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06/14/2018 330 views
I would like to include a task in manually initiated System image deployments that will prompt an error message that warns the end user (usually a technician) performing the deployment that the system does not appear to be in the driver feed, giving them the option to continue or break off imaging.

It looks like the Display Device Compatibility HTA has this potential but I'm having difficulty locating documentation for it.
It looks like the default task is configured to pass the environmental variable %OS% to it, but that would likely be WINDOWS_NT.

I played around with driver feed advisory a bit but it doesn't appear to throw an exit error if drivers aren't found for that platform.

Are there any known built-in or community workflows that can accomplish this? Or maybe even a recommended practice?

My fall back plan will likely be a powershell script that checks for the existence of y:\drivers_postinstall\[Manufacturer (any spaces and characters after removed)]\[OS]\[Model] (any spaces and characters before last characters removed)]    And then prompts with a continue/abort message if the path isn't found, throwing an exit code if abort is chosen.

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  • Hard one...

    Maybe create a Bat file that will list all drivers in drivers_postinstall into a TXT file. That way, they will have an updated list before starting the Deployment?

    I am assuming you do not want them to have access to the Drivers_postinstall share.
    • It would essentially run as the first pre-imaging task and verify whether or not the system has drivers for the target os within the feed. If I had to write a script, it would dynamically generate the driver path and look for it within Y: which all systems mount within the KBE
  • Hi All, I ended up writing a script that accomplishes this. I just feed it the -TargetOS value (e.g. windows_10_x64


    # Script to check Driver feed for system drivers.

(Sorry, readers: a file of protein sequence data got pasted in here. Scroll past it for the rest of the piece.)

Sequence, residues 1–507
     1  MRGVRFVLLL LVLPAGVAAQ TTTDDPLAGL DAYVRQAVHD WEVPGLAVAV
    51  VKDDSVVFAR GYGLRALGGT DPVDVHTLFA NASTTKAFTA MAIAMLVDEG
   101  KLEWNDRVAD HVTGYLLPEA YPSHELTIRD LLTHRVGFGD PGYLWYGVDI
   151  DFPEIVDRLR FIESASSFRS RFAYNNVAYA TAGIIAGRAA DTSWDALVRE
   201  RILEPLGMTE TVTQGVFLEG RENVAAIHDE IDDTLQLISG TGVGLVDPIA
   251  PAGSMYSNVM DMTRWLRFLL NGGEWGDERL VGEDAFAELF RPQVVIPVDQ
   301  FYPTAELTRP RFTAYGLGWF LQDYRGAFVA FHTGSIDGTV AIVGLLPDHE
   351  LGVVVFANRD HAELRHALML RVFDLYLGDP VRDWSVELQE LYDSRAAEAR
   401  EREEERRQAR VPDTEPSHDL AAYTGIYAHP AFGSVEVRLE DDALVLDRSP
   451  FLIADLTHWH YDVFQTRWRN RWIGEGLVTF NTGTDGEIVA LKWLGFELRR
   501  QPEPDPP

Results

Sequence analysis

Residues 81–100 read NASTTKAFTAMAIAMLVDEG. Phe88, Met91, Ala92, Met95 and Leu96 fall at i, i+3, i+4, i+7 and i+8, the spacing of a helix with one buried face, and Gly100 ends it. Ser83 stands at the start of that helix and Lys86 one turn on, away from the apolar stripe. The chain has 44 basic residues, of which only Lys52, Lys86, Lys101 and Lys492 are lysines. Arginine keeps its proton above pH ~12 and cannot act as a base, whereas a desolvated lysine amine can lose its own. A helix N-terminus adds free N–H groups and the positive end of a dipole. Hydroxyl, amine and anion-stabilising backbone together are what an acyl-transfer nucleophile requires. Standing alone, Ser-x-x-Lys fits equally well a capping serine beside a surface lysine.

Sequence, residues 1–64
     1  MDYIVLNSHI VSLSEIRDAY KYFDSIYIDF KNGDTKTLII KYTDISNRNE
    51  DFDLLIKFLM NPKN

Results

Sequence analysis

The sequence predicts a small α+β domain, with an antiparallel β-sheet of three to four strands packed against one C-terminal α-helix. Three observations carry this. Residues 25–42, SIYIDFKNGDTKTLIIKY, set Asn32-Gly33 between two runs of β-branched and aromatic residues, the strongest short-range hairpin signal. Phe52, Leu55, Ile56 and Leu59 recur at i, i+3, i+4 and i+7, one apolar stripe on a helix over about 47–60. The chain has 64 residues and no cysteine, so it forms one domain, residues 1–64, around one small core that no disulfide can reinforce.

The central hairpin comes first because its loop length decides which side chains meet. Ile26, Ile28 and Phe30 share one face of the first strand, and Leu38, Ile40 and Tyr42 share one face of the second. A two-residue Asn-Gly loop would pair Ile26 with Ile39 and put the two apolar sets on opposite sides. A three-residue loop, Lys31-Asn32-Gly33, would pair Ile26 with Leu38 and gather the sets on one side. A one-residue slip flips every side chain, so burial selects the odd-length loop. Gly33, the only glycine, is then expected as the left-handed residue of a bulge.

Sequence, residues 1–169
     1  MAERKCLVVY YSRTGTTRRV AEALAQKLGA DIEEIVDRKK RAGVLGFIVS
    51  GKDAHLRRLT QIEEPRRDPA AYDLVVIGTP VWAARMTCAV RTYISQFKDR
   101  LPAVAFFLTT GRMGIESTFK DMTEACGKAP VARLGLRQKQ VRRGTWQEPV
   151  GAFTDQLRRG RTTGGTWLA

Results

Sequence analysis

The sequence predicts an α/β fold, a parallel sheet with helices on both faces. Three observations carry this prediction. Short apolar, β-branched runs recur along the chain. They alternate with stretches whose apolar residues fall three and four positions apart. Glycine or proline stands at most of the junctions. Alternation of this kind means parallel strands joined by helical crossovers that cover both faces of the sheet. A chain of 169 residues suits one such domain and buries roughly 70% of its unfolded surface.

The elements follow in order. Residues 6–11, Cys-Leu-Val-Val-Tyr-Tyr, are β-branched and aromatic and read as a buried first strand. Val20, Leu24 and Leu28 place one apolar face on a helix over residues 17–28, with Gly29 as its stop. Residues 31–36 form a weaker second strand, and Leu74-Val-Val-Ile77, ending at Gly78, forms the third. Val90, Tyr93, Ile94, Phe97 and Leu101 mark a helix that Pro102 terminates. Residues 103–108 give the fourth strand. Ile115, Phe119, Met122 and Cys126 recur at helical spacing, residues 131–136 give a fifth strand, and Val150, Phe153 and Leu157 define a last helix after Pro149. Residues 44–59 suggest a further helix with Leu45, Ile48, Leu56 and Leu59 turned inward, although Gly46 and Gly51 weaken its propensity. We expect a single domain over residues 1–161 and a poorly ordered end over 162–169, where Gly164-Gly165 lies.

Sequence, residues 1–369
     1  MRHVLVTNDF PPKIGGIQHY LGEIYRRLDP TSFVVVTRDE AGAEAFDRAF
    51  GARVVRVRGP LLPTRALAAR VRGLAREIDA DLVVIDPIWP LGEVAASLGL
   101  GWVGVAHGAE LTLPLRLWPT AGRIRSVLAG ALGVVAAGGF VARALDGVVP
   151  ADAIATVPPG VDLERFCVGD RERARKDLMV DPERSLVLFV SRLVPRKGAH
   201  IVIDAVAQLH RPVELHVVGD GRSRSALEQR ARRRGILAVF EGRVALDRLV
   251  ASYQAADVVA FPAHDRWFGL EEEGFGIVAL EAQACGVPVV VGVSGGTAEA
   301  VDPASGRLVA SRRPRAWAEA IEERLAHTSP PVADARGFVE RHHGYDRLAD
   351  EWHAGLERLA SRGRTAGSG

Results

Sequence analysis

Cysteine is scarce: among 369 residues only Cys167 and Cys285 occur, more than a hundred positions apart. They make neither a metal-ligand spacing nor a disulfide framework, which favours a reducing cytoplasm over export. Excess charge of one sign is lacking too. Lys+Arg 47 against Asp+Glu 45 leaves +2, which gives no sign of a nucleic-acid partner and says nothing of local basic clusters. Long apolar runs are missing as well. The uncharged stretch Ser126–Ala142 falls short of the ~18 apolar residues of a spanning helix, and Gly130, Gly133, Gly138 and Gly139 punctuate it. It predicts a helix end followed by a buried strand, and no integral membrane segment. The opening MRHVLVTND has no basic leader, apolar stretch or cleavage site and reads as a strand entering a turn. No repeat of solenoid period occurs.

# Allow Target OS input parameter
    Param(
    [string]$TargetOS
    )



    $SystemManufacturer = (get-wmiobject win32_computersystem).Manufacturer
    $SystemModel = (get-wmiobject win32_computersystem).model


    # capture the output of the driver feed advisor as a value
    $DriverFeedAdvisorOutput = (&"$ENV:SystemRoot\System32\DriverFeed_Advisor.exe")

    # convert the driver feed advisor return into a valid folder structure for the target OS.
    $DriverPath = $DriverFeedAdvisorOutput -replace '\\\\SDA|\\\\RSA',"Y:" -replace "windows_10_x64|windows_10_x86","$TargetOS"


    if (!(test-path "$DriverPath")){

    # Add the windows forms assembly
    Add-Type -AssemblyName System.Windows.Forms | Out-Null

    # Set up message box form attribute.
    $MsgBox = [System.Windows.Forms.MessageBox]

    # Set up the message and title values
    $Title = "System Drivers not found in Driver Feed"
    $Message = "Drivers were not found for $SystemManufacturer $SystemModel for $TargetOS . Select Cancel to abort or OK to continue anyway"


    $Decision = $MsgBox::Show($Message,$Title,"OkCancel", "Warning")

    If ($Decision -eq "Cancel") {
    # Exit with error code of 3
    Write-Output "Aborting Task" |Out-Host
    exit 3
    }



    } ELSE {

    Write-Output "Drivers were found for $SystemManufacturer $SystemModel" |Out-Host

    }


Community Chosen Answer

1
Utilizing Driver Feed Advisor from within a KBEM built KBE will get you most of what you need.  Create a Preinstall Task with:

X:\windows\system32\driverfeed_advisor.exe /kbe /w10
pause

DFA with the /kbe flag will give a message whether the correct folders are present or not.  The /w10 flag is to force it to check for a windows 10 driver feed, regardless of what may be already installed.  We need the pause in order to stop the deployment so you can read the message.  This has the side effect of pausing every deployment though.

The importance of using DFA is that is built to take advantage of the SDAs naming scheme for Driver Feeds, which may not 100% match what you pull manually with another script.
Answered 06/20/2018 by: andrew_lubchansky
Second Degree Black Belt

  • Thanks, the Driver feed adviser doesn't seem to set an error level if the driver isn't found but I should at-least be able to use the text return to help simplify the generation of the folder path to test.

All Answers

0
you need to do this manually.
Create a manual script which checks for the device as the feed discovery recognizes it and then check if the drivers_postinstall folder with the correct path is avaiable.

You can find all nessesary under \\SDA\drivers_postinstall\ on your SDA.

Since this is not a bad idea at all you should go to kace.uservoice.com and suggest this as a new feature.
Answered 06/17/2018 by: Nico_K
Red Belt